This paper reviews a selection of the policy, curriculum, operational and research literature associated with the recognition of Vocational Education and Training (VET) within the Victorian senior secondary certificates; the Victorian Certificate of Education (VCE), and the Victorian Certificate of Applied Learning (VCAL). The central tenet of our paper is that VET in Victorian schools serves multiple purposes and in doing so it offers both risks and opportunities. While the achieved outcomes of the Victorian VET programs achieve national recognition, the recognition of these programs for broader educational certification has become diverse and complex. We use statistical participation data to argue that the incorporation of VET into these senior secondary certificates, appeals to students and offers increased options and pathways in the post-compulsory years of schooling. A range of assessment strategies and procedures have been developed to assist in the recognition of VET within these senior secondary school certificates. In particular, scored assessment and its contribution to national tertiary entrance (ENTER) scores is at the centre of the debates over recognition of VET within VCE. Also in this mix for recognizing VET within the senior secondary certificates are pre-apprenticeship programs, (included as part of the VCE VET suite of programs), school-based apprenticeships and traineeships. The operational, procedural and research literature associated with the complexities of the tandem usage of competency-based and scored assessment are reviewed as they apply in the Victorian context. As with the VCE, VET is also incorporated into VCAL programs through the industry specific and work-related skills streams. VET is mandatory within the intermediate and senior levels of VCAL. Our paper tries to identify and discuss the complexities in this area of VET provision.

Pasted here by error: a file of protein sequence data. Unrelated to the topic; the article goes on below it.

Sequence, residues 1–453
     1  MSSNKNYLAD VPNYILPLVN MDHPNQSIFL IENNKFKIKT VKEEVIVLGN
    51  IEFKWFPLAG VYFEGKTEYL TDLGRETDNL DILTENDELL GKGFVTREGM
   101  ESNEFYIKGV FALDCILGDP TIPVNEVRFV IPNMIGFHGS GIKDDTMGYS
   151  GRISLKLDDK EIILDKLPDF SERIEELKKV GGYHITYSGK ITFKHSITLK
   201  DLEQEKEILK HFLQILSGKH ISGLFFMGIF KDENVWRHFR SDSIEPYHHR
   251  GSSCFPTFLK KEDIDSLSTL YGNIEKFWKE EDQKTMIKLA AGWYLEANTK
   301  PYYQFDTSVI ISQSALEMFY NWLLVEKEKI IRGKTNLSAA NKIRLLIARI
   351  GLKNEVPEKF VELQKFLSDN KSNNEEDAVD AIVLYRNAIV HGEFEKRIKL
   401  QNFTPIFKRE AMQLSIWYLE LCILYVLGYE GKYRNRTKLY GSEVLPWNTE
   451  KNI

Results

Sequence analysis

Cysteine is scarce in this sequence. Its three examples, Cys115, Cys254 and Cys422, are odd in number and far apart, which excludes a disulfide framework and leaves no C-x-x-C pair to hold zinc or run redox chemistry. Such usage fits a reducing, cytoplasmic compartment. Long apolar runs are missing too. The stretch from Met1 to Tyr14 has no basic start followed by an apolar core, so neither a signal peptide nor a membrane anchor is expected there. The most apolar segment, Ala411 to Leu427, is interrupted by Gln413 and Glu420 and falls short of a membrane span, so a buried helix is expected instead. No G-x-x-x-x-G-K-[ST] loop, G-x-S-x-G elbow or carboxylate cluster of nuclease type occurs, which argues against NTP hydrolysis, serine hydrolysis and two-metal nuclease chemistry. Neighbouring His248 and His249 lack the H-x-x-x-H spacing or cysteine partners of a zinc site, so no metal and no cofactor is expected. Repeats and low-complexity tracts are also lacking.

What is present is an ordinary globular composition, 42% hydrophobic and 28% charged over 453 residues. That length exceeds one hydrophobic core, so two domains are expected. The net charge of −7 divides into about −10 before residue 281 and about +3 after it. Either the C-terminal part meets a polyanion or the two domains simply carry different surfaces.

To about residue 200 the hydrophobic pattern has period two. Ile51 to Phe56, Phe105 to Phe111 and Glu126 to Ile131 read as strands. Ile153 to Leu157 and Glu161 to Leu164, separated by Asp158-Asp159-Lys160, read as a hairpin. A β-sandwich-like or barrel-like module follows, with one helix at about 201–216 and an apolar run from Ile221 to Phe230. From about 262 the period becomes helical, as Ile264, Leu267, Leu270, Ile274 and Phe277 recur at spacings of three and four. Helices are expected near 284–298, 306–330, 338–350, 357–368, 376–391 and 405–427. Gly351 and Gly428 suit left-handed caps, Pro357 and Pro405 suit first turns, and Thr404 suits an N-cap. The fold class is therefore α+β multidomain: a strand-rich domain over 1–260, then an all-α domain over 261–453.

This article examines and explains some of the curriculum and assessment practices that allow for VET in schools (VETiS) programs in the state of Victoria, to be recognised and incorporated into the senior secondary school certificates through the Victorian Certificate of Education (VCE) and the Victorian Certificate of Applied Learning (VCAL). It draws on a selection of policy, curriculum, operational and research literature and statistical data on participation to discuss aspects of Vocational Education and Training (VET) in Victorian secondary schools. After setting out the two curriculum frameworks, the article reviews the strategy and processes for the tandem usage of competency-based and scored assessment as they apply in the Victorian context. The purpose of the article is to show the complexities and open up the balancing act that is occurring at the operational and policy levels between equity and quality.